An international team led by scientists from the Institute for Superconducting and Electronic Materials at the University of Wollongong in Australia has demonstrated that introducing novel molecular orbital interactions can improve the structural stability of cathode materials for lithium-ion batteries.
In open access research published in applied ChemistryFirst author Dr. Gemeng Liang, Prof. Zaiping Guo, A/Prof. Wei Kong Pang and collaborators, leveraged multiple capabilities from the Australian Organization for Nuclear Science and Technology (ANSTO) and other techniques to provide evidence that doping a promising cathode material – spinel LiNi – is possible0.5Mn1.5O4 (LNMO) – strengthened with germanium the 4ths-2p orbital interaction between oxygen and metal cations.
The 4s-2p orbital is relatively uncommon, but we have found a compound in the literature where germanium has a valence state of +3, allowing for an electron configuration ([Ar] 3d104s1), in which 4s transition-metal orbital electrons are available to interact with unpaired electrons in the oxygen 2p orbital, creating the hybrid 4s-2p orbital.
– dr Gemeng Liang
The 4s-2p Orbital creates structural stability in the LNMO material, as determined by synchrotron and neutron experiments at ANSTO’s Australian Synchrotron and Australian Center for Neutron Scattering, as well as other methods.
The team used neutron and (laboratory-based) X-ray powder diffraction and microscopy to pinpoint the position of the doped germanium on June 16c and 16i.e crystallographic sites of the LNMO structure with Fd3m space group symmetry.
Since it was important to study the valence state of the germanium dopants, laboratory measurements using X-ray photoelectron spectroscopy (XPS) and X-ray absorption spectroscopy (XAS) were carried out at the Australian synchrotron. They confirmed that germanium dopants have an average valence state of +3.56, with germanium at 16c and 16i.e Sites are +3 and +4, respectively. The results of density functional theory (DFT) calculations supported this observation.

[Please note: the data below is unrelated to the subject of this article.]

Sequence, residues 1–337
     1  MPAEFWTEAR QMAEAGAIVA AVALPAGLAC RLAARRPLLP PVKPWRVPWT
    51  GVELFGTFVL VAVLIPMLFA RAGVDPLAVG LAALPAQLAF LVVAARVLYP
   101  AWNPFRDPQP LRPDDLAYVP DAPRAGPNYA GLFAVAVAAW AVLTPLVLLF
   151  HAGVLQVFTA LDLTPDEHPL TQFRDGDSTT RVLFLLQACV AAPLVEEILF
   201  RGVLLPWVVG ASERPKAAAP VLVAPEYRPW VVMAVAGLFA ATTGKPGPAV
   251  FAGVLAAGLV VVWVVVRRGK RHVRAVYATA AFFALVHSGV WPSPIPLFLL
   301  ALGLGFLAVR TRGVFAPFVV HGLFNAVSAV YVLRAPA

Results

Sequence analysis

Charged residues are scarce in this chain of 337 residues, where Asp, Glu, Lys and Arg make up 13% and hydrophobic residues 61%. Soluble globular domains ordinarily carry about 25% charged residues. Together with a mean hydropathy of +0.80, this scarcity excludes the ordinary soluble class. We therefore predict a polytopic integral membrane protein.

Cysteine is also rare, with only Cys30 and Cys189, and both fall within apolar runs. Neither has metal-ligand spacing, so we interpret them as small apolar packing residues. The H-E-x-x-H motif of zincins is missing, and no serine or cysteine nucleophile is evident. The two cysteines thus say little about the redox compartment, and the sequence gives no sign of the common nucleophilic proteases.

Researchers evaluated the electrochemical performance of batteries containing LNMO and compared them to those containing LNMO at 4s-2p orbital hybridization (known as 4s-LNMO). These evaluations found that the 2% germanium doping contributed to superior structural stability as well as reduced battery voltage polarization, improved energy density, and high output voltage.
We aimed to understand the lithium diffusion kinetics in the two materials and found that the diffusion of lithium into the material is faster after the introduction of the germanium into the system, allowing for a faster charge capability.
– dr long
OK edge NEXAFS spectra of a) LNMO and b) 4s LNMO at OCV, fully charged and fully discharged states; Mn L-edge NEXAFS spectra of c) LNMO and d) 4s LNMO before, and after 500 and 1000 cycles.
After the performance tests, Dr. Liang synchrotron-based near-edge X-ray absorption spectroscopy (NEXAFS) at the soft X-ray beamline to get more detailed information about the electronic structures of active materials during the cycle. Spectroscopic data at the battery open circuit voltage revealed a significant increase in the intensity of the peaks of the 4s-LNMO material at the position corresponding to 4s-2p orbital hybridization – a further validation of the successful introduction of the novel 4s-2p orbital interaction.
Because we can see the unfilled orbitals, these are related to the filled orbitals in a unique but intricate way, and we can use these to better characterize the chemistry of the system, either through quantum mechanical calculations or by comparison with similar materials.
– Co-author instrument scientist Dr. Bruce Cowie
The NEXAFS data was also useful to evaluate the behavior of manganese in the material.
We know that preventing manganese from dissolving in the electrolyte and inhibiting the formation of manganese +2 and +3 in the structure helps prevent structural degradation.
– dr long
The NEXAFS results indicated that only a small amount of Mn3 was present+ and no appreciable Mn2+ in the 4s LNMO, which further increases the structural stability of the material.
The structural behavior of the material within a battery during cycling was investigated in operando experiments at the powder diffraction beamline at the Australian Synchrotron. Using these data, the team confirmed the suppression of an unfavorable two-phase response at high operating voltage in the 4s LNMO.
Orbital hybridization is a fairly new concept in battery research, but holds great promise for solving battery performance problems. Even better – this approach is extendable to other battery materials.
– dr long
Other co-authors from ANSTO were Dr. Anita D’Angelo, Dr. Bernt Johannessen, Dr. Lars Thomsen and Prof Vanessa Peterson. The collaborating institutions included the University of Adelaide, the University of Surrey (UK) and the Industrial Technology Research Institute (Taiwan).
dr Liang, who is currently at the University of Adelaide, received a Post Graduate Research Award from the Australian Institute of Nuclear Science and Engineering (AINSE).
G. Liang, E. Olsson, J. Zou, Z. Wu, J. Li, C.-Z. Lu, AM D’Angelo, B Johannessen, L Thomsen, B Cowie, VK Peterson, Q Cai, WK Pang, Z Guo (2022) “Introduction of 4s–2p Orbital Hybridization to Stabilize Spinel Oxide Cathodes for Lithium-Ion Batteries” Angew. Chem. Int. Ed. doi: 10.1002/anie.202201969